Real examples are the products of processing or purifying complex mixtures, products of polymerisation, metallurgical compositions, and the like. I am sure that there are many more and I would welcome others. But they tend to be complex.

    Do please feel free to clarify the point as I would like to understand it.

    Best wishes


  22. To Anon at 20:07 - I would expect a lyophilised mixture to be regarded as different from an air dried mixture for the purposes of construction of an "obtainable by" claim. the products are quite different, in appearance if nothing else. I don't see how they can be considered the same product at all.

    I even think I can cite judicial precedent for this view, since the Quadrant case referred to in the main post emphasises the difference between the effect of the two processes.

  23. "A mixture of compounds obtainable by oxidising compound A under conditions x, y and z"

    Said mixture not being characterisable by techniques in common practice today, but identifiable by a 3rd party using their new fangled gadget, such that they are able to readily prepare said mixture quite easily.

  24. Compound A obtainable by extracting the coffee beans in my kitchen with my dirty bathwater.

    Infringed by a smarty-pants synthetic organic chemist who can identify the compound and knock up a sample in their laboratory.

  25. Crystalline form of compound X obtainable by crystallisation from methanol, having crystal structure parameters a, b, c, melting point y, DSC peak at z, IR peaks at y1, y2, y3.

    Fully characterised so that third parties can determine whether they fall within the claim when they make the same material by a different process.

    e.g. Same crystal form obtained directly from the reaction mixture used to synthesise the compound, said crystal form crashing out of solution on work-up.

  26. Question mark over my crystal form example would be whether the form is sufficiently characterised by the data, therefore not requiring the process step. However, we could add a functional feature not shown by all forms having the required data, yet would be testable by a third party to determine whether they infringe.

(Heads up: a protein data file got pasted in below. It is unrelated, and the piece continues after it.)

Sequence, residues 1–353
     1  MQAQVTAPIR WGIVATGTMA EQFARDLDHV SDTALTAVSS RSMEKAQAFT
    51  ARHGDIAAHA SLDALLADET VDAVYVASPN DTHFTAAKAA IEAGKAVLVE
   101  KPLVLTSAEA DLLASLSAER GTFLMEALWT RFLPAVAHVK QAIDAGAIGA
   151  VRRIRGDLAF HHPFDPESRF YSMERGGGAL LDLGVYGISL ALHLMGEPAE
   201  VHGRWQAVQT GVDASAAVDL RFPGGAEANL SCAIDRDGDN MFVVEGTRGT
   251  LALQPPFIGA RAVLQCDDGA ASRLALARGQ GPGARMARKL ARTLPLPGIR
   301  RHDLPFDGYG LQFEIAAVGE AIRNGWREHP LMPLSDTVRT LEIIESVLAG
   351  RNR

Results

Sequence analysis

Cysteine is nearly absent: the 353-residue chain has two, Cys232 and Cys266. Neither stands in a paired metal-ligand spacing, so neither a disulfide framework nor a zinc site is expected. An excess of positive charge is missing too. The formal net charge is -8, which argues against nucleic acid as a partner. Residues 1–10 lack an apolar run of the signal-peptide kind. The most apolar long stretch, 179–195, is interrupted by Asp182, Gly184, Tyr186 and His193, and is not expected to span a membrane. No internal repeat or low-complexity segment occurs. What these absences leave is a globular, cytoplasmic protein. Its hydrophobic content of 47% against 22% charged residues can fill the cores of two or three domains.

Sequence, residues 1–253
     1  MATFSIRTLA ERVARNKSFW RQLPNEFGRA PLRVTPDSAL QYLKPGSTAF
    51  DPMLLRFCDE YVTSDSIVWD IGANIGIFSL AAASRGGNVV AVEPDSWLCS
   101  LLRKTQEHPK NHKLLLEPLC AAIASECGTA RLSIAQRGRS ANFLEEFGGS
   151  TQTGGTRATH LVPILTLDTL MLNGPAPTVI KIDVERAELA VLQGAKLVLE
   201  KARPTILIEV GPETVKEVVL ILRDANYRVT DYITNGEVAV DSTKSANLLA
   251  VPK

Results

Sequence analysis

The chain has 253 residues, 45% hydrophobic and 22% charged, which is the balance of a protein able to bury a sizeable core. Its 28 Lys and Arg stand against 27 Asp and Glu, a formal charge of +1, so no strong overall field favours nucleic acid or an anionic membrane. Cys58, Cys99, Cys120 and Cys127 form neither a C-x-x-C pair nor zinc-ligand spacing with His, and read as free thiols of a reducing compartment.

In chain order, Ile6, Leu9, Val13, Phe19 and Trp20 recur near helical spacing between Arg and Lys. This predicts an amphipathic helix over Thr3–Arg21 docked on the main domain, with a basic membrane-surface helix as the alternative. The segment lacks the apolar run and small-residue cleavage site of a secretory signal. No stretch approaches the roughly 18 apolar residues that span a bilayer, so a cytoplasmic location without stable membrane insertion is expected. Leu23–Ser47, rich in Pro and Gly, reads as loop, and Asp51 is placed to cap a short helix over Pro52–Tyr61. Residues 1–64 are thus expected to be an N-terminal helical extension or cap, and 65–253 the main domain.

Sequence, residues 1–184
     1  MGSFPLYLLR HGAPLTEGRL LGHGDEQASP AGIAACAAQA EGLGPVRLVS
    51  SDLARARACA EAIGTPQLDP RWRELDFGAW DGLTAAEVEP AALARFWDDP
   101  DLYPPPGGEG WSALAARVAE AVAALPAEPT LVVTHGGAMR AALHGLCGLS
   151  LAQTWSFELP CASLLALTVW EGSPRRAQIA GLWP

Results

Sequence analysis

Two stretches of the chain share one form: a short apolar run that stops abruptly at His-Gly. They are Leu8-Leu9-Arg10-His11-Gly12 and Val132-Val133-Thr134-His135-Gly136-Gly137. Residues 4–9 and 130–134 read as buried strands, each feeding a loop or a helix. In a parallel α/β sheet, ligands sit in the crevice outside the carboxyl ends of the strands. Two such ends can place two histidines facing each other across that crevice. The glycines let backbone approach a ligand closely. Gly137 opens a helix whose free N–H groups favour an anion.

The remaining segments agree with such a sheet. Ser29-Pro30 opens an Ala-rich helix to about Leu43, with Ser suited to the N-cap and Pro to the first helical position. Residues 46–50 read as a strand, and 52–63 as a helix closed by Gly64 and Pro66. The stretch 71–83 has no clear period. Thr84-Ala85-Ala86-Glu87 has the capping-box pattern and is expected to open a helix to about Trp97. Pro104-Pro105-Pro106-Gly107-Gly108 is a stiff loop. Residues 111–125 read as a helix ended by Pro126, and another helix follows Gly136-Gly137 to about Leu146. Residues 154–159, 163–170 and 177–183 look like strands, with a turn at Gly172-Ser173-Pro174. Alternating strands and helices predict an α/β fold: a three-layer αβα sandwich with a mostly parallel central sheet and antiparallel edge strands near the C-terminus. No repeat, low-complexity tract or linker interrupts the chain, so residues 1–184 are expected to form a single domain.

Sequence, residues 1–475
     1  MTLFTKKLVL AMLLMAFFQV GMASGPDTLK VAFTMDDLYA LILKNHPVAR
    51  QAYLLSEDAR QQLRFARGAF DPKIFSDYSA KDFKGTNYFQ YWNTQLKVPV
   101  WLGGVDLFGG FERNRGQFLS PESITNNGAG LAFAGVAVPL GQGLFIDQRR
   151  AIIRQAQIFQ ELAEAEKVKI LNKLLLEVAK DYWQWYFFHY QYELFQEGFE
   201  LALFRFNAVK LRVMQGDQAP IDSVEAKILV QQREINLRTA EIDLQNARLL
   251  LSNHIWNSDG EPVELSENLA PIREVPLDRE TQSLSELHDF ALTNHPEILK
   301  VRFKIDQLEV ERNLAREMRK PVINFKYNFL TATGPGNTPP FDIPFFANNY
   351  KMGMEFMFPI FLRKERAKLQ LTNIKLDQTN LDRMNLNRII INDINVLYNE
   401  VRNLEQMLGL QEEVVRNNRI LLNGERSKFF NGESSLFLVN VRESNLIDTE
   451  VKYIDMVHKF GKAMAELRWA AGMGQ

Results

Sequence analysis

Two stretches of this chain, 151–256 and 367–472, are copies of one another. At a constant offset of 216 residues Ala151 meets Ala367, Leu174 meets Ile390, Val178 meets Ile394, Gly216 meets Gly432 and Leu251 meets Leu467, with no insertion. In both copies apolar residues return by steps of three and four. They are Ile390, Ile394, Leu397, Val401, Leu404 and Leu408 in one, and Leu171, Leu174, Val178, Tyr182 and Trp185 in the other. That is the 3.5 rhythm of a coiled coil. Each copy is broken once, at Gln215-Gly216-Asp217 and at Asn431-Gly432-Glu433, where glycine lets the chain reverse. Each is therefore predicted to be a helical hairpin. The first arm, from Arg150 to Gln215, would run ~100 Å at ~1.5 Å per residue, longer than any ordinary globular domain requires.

27. I think I may see the point made by Anon@1952 - though of course it is for them to confirm.

    When novelty is being assessed, we deny that there is any construction of "obtained by" and instead say there is a "rule of novelty" which says that the product as such must be new. Part of the reason I gave for this was that the claim is either a product or a process - it can't be both - and if it's for a product then it is the novelty of the product which must be assessed.

    Then when infringement is being assessed, we say that it is not enough for it to be the same product, it has to be really obtained by the process as stated. In other words, there is a "rule of infringement" which is not the same as the "rule of novelty".

    There may well be some room to criticise this state of affairs - where infringement is assessed differently from novelty - but whether it is right or not I maintain that it is reconcilable with consistent construction of the claim, which is important.

  28. Darren, you are determining the facts yourself rather than accepting different facts may apply in respect of my example of a lyophilised mixture. In my example, the facts are (not stated because it was an example) that the lyophilisation product is identical in every way (even appearance if such a technical feature for a life saving drug formulation is considered of value to you) to the air-dried mixture.

  29. Water was chosen precisely because it is not a complex product, yet methods of desalination can be complex.

    Not sure why you are having difficulties with understanding the logic.

    If you want to focus on product, then that focus should receive the exact same scrutiny - and not the different levels as used by Freddie in his discussion wherein the first use was loose (a product, does not matter the process) and the second use was tight (a product, but must be exact per the process).

    Plainly put (again), if your product is A' per the tight logic of exact per the process, then it is not A per the loose logic of the process does not matter.

    In the discussion above, A and A' are used interchangeably when discussing loose logic and some A Ha! distinction is artificially injected with the application of the tight logic.

    The A Ha is a fallacy of inconsistency.

  30. Dear Darren,

    Your point regarding certainty for third parties is well taken. To expand my example, suppose that before the advance in characterizing technology, the second party develops the same product, but by an entirely different process. There will be no way for the second party to know whether it infringes, and indeed, the second party might also get an “obtainable by” patent for what is in fact exactly the same compound.